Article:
Correlation and Experimental Design
In this chapter, you'll learn how to quantify the strength of a linear relationship between two variables, and explore how confounding variables can affect the relationship between two other variables. You'll also see how a study’s design can influence its results, change how the data should be analyzed, and potentially affect the reliability of your conclusions. This is the Summary of lecture "Introduction to Statistics in Python", via datacamp.
import pandas as pd
import numpy as np
import matplotlib.pyplot as plt
import seaborn as sns
Correlation
 Correlation coefficient
 Quantifies the linear relationship between two variables
 Number between 1 and 1
 Magnitude corresponds to strength of relationship
 Sign (+ or ) corresponds to direction of relationship

Pearson productmoment correlation($r$)
 Most Common
 $\bar{x}$ = mean of $x$

$\sigma_x$ = standard deviation of $x$
$$ r = \sum_{i=1}^{n} \frac{(x_i  \bar{x})(y_i  \bar{y})}{\sigma_x \times \sigma_y} $$

Variation
 Kendall's Tau
 Spearman's rho
Relationships between variables
In this chapter, you'll be working with a dataset world_happiness
containing results from the 2019 World Happiness Report. The report scores various countries based on how happy people in that country are. It also ranks each country on various societal aspects such as social support, freedom, corruption, and others. The dataset also includes the GDP per capita and life expectancy for each country.
In this exercise, you'll examine the relationship between a country's life expectancy (life_exp
) and happiness score (happiness_score
) both visually and quantitatively.
world_happiness = pd.read_csv('./dataset/world_happiness.csv', index_col=0)
world_happiness.head()
sns.scatterplot(x='life_exp', y='happiness_score', data=world_happiness);
sns.lmplot(x='life_exp', y='happiness_score', data=world_happiness, ci=None);
cor = world_happiness['life_exp'].corr(world_happiness['happiness_score'])
print(cor)
What can't correlation measure?
While the correlation coefficient is a convenient way to quantify the strength of a relationship between two variables, it's far from perfect. In this exercise, you'll explore one of the caveats of the correlation coefficient by examining the relationship between a country's GDP per capita (gdp_per_cap
) and happiness score.
sns.scatterplot(x='gdp_per_cap', y='life_exp', data=world_happiness);
# Correlation between gdp_per_cap and life_exp
cor = world_happiness['gdp_per_cap'].corr(world_happiness['life_exp'])
print(cor)
sns.scatterplot(x='gdp_per_cap', y='happiness_score', data=world_happiness);
# Calculate correlation
cor = world_happiness['gdp_per_cap'].corr(world_happiness['happiness_score'])
print(cor)
world_happiness['log_gdp_per_cap'] = np.log(world_happiness['gdp_per_cap'])
# Scatterplot of log_gdp_per_cap and happiness_score
sns.scatterplot(x='log_gdp_per_cap', y='happiness_score', data=world_happiness);
# Calculate correlation
cor = world_happiness['log_gdp_per_cap'].corr(world_happiness['happiness_score'])
print(cor)
world_happiness = pd.read_csv('./dataset/world_happiness_add_sugar.csv', index_col=0)
world_happiness
sns.scatterplot(x='grams_sugar_per_day', y='happiness_score', data=world_happiness);
# Correlation between grams_sugar_per_day and happiness_score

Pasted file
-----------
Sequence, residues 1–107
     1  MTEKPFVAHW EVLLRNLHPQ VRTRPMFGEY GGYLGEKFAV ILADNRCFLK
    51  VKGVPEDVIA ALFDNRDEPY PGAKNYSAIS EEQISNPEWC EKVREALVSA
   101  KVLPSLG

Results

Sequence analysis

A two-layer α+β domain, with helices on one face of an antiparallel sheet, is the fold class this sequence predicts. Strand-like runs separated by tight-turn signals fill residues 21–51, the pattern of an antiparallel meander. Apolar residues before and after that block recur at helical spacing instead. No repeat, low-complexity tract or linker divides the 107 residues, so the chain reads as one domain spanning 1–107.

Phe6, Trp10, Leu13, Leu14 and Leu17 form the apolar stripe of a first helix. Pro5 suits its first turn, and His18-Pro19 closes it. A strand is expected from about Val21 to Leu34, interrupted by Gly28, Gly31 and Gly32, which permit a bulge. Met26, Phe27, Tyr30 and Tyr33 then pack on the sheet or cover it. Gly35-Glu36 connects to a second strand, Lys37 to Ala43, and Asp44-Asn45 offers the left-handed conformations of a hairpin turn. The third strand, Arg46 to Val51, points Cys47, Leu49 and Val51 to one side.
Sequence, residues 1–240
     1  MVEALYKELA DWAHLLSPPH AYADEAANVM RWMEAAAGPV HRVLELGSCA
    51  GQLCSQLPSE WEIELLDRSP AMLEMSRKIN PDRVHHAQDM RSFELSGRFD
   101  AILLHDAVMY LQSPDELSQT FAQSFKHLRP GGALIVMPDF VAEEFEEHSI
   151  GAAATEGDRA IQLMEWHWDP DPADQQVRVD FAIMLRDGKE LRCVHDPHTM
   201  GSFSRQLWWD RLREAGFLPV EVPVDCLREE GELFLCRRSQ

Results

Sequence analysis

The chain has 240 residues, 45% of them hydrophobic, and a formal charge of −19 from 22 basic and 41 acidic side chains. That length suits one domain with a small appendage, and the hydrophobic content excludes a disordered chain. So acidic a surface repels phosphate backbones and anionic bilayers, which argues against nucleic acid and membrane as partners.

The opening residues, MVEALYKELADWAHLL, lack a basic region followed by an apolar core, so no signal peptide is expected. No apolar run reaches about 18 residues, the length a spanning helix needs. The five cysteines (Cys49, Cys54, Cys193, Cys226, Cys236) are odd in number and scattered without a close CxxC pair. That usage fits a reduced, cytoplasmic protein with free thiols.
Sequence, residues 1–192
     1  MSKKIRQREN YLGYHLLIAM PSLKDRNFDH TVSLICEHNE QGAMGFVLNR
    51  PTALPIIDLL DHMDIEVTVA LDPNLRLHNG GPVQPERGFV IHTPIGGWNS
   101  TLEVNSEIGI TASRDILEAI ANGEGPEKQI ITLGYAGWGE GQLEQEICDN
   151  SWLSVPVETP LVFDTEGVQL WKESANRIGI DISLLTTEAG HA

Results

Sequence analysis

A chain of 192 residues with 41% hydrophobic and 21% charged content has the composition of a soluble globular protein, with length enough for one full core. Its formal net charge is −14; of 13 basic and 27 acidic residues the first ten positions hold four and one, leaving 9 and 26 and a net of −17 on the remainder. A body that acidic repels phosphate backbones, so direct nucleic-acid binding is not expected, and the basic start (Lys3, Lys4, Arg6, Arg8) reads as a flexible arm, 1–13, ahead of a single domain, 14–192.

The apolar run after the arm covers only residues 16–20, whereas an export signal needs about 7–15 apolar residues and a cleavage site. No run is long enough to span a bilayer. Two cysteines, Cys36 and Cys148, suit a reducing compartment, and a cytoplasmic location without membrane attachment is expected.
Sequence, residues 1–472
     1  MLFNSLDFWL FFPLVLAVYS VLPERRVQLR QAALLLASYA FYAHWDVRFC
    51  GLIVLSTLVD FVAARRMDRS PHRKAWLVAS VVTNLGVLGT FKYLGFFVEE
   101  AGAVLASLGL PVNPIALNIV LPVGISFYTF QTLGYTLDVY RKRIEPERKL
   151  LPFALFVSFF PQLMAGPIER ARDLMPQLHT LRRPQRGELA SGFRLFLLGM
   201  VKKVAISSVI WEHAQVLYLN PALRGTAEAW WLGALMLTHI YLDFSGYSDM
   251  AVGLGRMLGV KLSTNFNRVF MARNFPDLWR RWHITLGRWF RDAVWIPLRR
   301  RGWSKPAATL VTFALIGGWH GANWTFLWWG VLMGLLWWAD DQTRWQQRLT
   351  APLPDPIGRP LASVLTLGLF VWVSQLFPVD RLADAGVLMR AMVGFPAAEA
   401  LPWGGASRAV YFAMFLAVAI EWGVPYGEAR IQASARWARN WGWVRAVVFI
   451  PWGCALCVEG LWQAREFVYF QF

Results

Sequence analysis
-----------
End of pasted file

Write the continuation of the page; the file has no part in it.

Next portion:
cor = world_happiness['grams_sugar_per_day'].corr(world_happiness['happiness_score'])
print(cor)
Design of experiments
 Vocabulary
 Experiment aims to answer: What is the effect of the treatment on the response?
 Treatment: explanatory / independent variable
 Response: response / dependent variable
 E.g.: What is the effect of an advertisement on the number of products purchased?
 Treatment: advertisement
 Response: number of products purchased
 Controlled experiments
 Participants are assigned by researchers to either treatment group or control group
 Treatment group sees advertisement
 Control group does not
 Group should be comparable so that causation can be inferred
 If groups are not comparable, this could lead to confounding (bias)
 Experiment aims to answer: What is the effect of the treatment on the response?
 Gold standard of experiment
 Randomized controlled trial
 Participants are assigned to treatment/control randomly, not based on any other characteristics
 Choosing randomly helps ensure that groups are comparable
 Placebo
 Resembles treatement, but has no effect
 Participants will not know which group they're in
 Doubleblind trial
 Person administering the treatment/running the study doesn't know whether the treatment is real or a placebo
 Prevents bias in the response and/or analysis of results
 Fewopportunities for bias = more reliable conclusion about causation
 Randomized controlled trial
 Observational studies
 Participants are not assigned randomly to groups
 Participants assign themselves, usually based on preexisting characteristics
 Many research questions are not conductive to a controlled experiment
 Cannot force someone to smoke or have a disease
 Establish association, not causation
 Effects can be confounded by factors that got certain people into the control or treatment group
 There are ways to control for confounders to get more reliable conclusions about association
 Longitudinal vs. crosssectional studies
 Longitudinal study
 Participants are followed over a period of time to examine effect of treatment on response
 Effect of age on height is not confounded by generation
 More expensive, results take longer
 Crosssectional study
 Data on participants is collected from a single snapshot in time
 Effect of age on height is confounded by generation
 Cheaper, fater, more convenient
 Participants are not assigned randomly to groups